Mo. Senate candidates appeal to rural voters
Originally published August 16, 2012 at 12:28 p.m., updated August 16, 2012 at 11:56 p.m.
SEDALIA, Mo. (AP) — Missouri’s closely watched U.S. Senate campaign moved Thursday to the Missouri State Fair as Democrat Claire McCaskill and Republican challenger Todd Akin focused on rural and farm issues while campaigning around a big-top tent.
Akin, who has opposed the federal farm bill because of concern about the spending on food stamps and other programs within it, questioned Thursday whether the federal government should be involved in the national school lunch program.
Asked by reporters about the lunch program, Akin asked why the states could not handle student lunches. He said he thinks the federal government generally should stay out of education issues.
“I’m not against school lunches, but I have a question of whether or not the federal government should be doing as many things as it’s doing. And that would be one I’d take a look at,” Akin said.
McCaskill, who is facing a difficult re-election bid, said the federal lunch program helps schools feed children, boosts the agricultural economy by creating a use for excess farm products and helps to keep markets stable for consumers and producers.
“School lunches are an important part of the education experience, and I would not want those costs to be passed along to either the public school systems or the state and local taxpayers,” she said.
Figures from the U.S. Department of Agriculture show that in 2011, an average of 646,000 Missouri students participated in the lunch program. Nationwide, the lunch program cost more than $11 billion and included more than 30 million participants.
Both U.S. Senate candidates were campaigning Thursday at an annual ham breakfast at the state fairgrounds in Sedalia. The breakfast, hosted each year by the governor, is attended by numerous politicians, government officials and others.
The breakfast highlighted a rural bent to U.S. Senate campaign in the week since Akin won a three-way Republican primary on Aug. 7. McCaskill camped out at the state fairgrounds Wednesday night before the breakfast started and is in the middle of a tour through several rural areas that wraps up Saturday. Akin, who has represented a suburban St. Louis congressional district for the past dozen years, last week won the endorsement from the Missouri Farm Bureau’s political committee, which has a history of endorsing the GOP candidate for Senate and governor.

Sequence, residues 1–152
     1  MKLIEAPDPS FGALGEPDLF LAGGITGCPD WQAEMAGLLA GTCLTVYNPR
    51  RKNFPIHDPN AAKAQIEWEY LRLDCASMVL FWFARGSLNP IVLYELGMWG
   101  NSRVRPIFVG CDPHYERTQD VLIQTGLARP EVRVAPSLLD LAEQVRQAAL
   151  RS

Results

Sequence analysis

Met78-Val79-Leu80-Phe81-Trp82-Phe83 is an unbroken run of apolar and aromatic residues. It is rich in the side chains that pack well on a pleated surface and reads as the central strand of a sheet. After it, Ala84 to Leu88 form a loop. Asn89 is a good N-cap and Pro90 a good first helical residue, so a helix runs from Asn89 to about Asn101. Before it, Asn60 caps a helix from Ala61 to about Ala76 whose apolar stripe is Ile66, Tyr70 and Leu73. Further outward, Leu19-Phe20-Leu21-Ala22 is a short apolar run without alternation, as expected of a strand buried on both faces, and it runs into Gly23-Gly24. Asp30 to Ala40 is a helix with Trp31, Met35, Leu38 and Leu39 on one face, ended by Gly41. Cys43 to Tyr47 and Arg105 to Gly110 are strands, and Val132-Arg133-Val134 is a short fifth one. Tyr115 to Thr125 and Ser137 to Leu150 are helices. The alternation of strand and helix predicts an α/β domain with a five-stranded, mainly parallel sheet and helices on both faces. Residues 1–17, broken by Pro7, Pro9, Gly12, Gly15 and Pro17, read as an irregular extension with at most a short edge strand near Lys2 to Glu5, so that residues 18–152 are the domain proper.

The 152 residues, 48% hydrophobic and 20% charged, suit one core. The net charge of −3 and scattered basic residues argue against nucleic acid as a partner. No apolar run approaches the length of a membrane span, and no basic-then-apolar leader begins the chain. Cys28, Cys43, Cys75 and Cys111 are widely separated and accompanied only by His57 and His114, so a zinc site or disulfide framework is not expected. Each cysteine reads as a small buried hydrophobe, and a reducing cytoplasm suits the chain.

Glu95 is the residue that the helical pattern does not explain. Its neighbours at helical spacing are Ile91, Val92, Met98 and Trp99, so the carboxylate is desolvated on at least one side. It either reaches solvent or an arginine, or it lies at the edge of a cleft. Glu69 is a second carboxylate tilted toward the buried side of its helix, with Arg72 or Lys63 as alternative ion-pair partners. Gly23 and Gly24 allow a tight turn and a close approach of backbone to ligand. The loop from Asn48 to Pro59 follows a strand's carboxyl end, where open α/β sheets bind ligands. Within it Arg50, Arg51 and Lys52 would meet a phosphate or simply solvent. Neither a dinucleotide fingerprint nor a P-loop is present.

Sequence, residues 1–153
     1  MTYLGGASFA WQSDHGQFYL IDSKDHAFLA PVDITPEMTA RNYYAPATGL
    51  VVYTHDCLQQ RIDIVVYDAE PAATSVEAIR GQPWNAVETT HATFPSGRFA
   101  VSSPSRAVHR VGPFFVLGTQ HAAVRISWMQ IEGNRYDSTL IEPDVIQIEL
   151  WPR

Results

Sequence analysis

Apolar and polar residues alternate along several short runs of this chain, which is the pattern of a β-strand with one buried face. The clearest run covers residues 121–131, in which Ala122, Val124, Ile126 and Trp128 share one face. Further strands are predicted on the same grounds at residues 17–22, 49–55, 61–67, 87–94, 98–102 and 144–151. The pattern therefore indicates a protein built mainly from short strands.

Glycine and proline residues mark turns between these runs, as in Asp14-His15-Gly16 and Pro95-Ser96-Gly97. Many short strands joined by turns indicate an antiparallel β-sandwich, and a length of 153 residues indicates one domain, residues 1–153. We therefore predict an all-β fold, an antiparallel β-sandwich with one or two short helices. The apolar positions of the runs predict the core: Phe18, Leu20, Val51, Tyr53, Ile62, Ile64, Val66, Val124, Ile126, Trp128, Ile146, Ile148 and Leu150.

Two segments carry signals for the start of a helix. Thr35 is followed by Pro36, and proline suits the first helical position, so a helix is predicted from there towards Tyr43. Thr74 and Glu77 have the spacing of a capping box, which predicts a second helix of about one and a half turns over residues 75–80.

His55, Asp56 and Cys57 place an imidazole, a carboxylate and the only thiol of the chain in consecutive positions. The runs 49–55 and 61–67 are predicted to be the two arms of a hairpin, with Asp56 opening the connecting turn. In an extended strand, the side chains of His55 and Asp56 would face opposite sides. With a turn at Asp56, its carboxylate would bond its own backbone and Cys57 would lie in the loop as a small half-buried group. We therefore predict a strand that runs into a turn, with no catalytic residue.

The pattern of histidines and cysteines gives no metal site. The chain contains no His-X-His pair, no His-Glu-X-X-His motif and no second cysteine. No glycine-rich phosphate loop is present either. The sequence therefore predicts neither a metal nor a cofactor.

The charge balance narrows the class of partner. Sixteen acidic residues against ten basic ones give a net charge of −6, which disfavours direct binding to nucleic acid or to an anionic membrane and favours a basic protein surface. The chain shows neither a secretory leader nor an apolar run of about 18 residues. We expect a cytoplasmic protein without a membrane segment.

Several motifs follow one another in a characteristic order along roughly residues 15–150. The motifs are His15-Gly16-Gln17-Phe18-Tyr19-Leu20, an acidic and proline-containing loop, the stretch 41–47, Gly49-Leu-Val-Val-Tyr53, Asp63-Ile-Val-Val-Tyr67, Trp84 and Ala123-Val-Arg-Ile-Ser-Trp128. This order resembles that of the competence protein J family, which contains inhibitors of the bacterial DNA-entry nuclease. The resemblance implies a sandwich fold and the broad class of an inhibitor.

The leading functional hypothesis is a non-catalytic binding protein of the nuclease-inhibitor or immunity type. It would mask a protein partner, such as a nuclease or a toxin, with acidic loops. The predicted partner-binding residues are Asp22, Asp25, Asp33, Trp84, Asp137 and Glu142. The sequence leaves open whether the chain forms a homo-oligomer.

McCaskill said she has a strong agricultural record, having fought “like a scalded cat” to keep rural post offices open, pushed to get disaster relief for farmers dealing flooding and opposed budget earmarks by individual lawmakers. She also contrasted her support for the federal farm bill to Akin’s opposition.
Nonetheless, McCaskill acknowledged that appearing on the ballot as a Democrat could prove to be a disadvantage in wooing voters in the rural areas.
“I feel pretty comfortable that if I can get out to rural Missouri and run on my record — supporting the farm bill, fighting regulations — I feel pretty comfortable that there’s some votes out there I can get,” McCaskill said.
Speaking to a different crowd after the breakfast, Akin raised concerns about the federal estate tax, which frequently is called the “death tax” by opponents. He also called for reining in federal regulations during a news conference with several fellow Missouri Republicans serving in Congress.
“What do we have in the EPA and these other agencies? They write their own rules, they enforce their own rules and if you don’t like it, they’re the court that you have to go to,” Akin said. “There’s something wrong about this. And these agencies, we’re going to have to hold their feet to the fire and have them stop making up some of the things that they did.”
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